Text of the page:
This is exactly the kind of vulnerability we were worried about, and it happened on Day 1.

One of our concerns from the start with the decision to install Fortnite outside of the Play Store was that the game's popularity would overpower people's general good sense to stick to the Play Store for their apps. This is the kind of vulnerability that would very likely be caught in the review process of going onto the Play Store, and would be fixed before any large number of people downloaded it. And with Google Play Protect on your phone, Google would be able to remotely kill and uninstall the app if it ever made it out into the wild.

For its part, Google still managed to catch this vulnerability even though the app isn't being distributed through the Play Store. We already know Google Play Protect is able to scan apps on your phone even if they were installed directly from the web or another app store, and in this case that process was backed up by a talented security team at Google that found the vulnerability and reported it to the developer. This process typically happens in the background without much fanfare, but when we're talking about an app like Fortnite with likely tens of millions of installations, it shows just how seriously Google takes security in Android.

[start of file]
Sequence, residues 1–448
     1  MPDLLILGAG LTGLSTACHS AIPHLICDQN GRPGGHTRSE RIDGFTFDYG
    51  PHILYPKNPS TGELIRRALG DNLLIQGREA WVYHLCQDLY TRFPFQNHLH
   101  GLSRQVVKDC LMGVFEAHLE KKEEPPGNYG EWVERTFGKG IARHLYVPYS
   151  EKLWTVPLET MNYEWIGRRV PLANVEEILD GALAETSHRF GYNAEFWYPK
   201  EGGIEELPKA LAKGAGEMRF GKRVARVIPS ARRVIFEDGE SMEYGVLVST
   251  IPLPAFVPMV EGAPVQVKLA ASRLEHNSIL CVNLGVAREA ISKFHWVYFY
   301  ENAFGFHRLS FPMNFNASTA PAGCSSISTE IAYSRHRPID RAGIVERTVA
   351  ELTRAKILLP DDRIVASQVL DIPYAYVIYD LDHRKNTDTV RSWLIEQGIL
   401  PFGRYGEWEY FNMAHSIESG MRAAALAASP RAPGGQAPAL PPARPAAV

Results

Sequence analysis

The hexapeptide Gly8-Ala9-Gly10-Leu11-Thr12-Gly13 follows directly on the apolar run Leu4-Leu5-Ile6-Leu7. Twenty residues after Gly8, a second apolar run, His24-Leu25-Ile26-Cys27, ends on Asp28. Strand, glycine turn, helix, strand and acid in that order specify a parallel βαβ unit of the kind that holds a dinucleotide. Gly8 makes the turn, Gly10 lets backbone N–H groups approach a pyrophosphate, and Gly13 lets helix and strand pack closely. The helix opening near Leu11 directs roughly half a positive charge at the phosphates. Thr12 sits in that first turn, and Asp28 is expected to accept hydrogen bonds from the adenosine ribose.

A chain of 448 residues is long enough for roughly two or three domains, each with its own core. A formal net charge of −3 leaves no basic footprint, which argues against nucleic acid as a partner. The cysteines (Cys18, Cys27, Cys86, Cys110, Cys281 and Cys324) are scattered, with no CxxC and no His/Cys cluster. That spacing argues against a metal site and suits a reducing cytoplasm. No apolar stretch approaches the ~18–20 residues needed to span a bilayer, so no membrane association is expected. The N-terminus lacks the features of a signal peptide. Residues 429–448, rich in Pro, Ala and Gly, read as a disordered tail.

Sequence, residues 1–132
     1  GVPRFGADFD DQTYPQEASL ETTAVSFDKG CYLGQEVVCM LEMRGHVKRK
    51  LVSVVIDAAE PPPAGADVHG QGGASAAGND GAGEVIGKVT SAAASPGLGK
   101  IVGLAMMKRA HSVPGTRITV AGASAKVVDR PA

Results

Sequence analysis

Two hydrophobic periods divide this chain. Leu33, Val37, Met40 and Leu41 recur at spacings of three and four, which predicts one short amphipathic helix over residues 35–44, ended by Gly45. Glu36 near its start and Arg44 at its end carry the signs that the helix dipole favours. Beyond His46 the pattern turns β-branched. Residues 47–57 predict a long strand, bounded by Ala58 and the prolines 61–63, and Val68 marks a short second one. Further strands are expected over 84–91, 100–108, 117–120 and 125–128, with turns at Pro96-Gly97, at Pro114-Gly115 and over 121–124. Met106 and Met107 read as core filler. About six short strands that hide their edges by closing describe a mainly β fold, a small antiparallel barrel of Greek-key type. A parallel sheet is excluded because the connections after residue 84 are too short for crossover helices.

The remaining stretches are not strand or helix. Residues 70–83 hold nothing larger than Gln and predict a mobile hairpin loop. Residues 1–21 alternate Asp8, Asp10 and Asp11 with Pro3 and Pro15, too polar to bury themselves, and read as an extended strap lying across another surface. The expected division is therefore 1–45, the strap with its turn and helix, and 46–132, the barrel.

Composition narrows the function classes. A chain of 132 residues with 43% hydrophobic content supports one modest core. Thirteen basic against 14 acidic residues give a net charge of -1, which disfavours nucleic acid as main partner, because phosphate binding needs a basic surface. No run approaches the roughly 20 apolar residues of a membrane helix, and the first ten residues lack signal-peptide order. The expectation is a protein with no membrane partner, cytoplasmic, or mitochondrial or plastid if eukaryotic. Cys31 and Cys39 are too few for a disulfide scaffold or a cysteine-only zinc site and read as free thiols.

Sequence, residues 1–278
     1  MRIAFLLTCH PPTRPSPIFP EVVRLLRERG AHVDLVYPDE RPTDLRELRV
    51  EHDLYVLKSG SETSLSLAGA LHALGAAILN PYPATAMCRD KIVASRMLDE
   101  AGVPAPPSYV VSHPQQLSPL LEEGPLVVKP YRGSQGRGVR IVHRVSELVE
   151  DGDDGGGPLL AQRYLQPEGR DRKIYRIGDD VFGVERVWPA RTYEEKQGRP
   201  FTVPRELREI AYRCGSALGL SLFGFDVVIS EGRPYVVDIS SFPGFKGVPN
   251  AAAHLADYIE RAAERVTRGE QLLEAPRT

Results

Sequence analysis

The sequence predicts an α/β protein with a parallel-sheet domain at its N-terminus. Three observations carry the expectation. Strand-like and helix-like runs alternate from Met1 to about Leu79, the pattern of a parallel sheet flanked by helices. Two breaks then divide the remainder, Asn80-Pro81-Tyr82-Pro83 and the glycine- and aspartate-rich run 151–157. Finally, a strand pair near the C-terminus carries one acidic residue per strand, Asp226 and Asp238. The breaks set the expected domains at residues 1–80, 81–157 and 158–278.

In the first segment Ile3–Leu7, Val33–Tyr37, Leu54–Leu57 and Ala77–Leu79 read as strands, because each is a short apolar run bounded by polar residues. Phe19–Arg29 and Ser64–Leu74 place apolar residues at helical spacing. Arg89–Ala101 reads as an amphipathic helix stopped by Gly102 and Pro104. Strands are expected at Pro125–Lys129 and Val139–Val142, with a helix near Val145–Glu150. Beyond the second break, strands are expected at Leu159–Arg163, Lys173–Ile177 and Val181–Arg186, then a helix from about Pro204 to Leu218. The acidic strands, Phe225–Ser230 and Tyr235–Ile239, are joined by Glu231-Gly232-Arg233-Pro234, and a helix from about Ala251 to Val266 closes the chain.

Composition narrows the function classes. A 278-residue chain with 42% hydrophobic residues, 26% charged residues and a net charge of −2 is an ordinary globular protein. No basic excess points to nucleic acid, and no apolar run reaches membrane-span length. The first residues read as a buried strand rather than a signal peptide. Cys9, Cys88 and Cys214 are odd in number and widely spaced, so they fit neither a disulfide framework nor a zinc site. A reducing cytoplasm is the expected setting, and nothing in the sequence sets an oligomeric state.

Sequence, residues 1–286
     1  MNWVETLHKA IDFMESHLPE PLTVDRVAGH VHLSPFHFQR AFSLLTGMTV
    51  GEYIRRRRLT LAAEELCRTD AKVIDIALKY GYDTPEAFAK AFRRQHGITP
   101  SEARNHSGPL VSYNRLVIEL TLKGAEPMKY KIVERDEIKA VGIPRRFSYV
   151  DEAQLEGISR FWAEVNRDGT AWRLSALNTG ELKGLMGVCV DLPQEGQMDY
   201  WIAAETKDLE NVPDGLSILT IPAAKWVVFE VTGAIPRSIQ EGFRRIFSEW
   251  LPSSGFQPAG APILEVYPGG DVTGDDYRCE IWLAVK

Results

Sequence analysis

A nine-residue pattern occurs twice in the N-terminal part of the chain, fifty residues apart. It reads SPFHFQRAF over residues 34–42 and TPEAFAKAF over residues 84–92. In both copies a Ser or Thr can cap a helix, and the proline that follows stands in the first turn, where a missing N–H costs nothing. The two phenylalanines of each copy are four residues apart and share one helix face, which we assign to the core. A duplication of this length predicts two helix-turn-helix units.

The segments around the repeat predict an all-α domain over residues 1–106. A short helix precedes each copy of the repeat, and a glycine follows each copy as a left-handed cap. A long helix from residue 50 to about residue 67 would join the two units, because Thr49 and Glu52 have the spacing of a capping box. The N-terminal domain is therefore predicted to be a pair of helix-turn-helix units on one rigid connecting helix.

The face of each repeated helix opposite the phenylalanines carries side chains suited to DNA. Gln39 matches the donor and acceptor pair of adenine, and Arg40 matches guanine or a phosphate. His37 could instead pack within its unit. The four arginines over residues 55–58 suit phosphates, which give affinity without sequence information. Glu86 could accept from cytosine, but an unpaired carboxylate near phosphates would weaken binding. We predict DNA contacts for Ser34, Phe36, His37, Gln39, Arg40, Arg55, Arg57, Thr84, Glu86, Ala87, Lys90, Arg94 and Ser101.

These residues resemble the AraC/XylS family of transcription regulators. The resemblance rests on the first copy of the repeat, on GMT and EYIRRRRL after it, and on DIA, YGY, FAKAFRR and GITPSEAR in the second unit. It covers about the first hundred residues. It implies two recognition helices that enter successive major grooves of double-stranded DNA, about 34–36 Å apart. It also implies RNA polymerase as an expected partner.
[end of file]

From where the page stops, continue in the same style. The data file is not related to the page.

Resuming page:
Update: This article has been updated with clarified information on the exploit, as well as a comment from Epic Games CEO Tim Sweeney.

Andrew Martonik

Andrew was an Executive Editor, U.S. at Android Central between 2012 and 2020.

  • Yeah, this was expected. It was nice of Google to wait until they patched it before going public.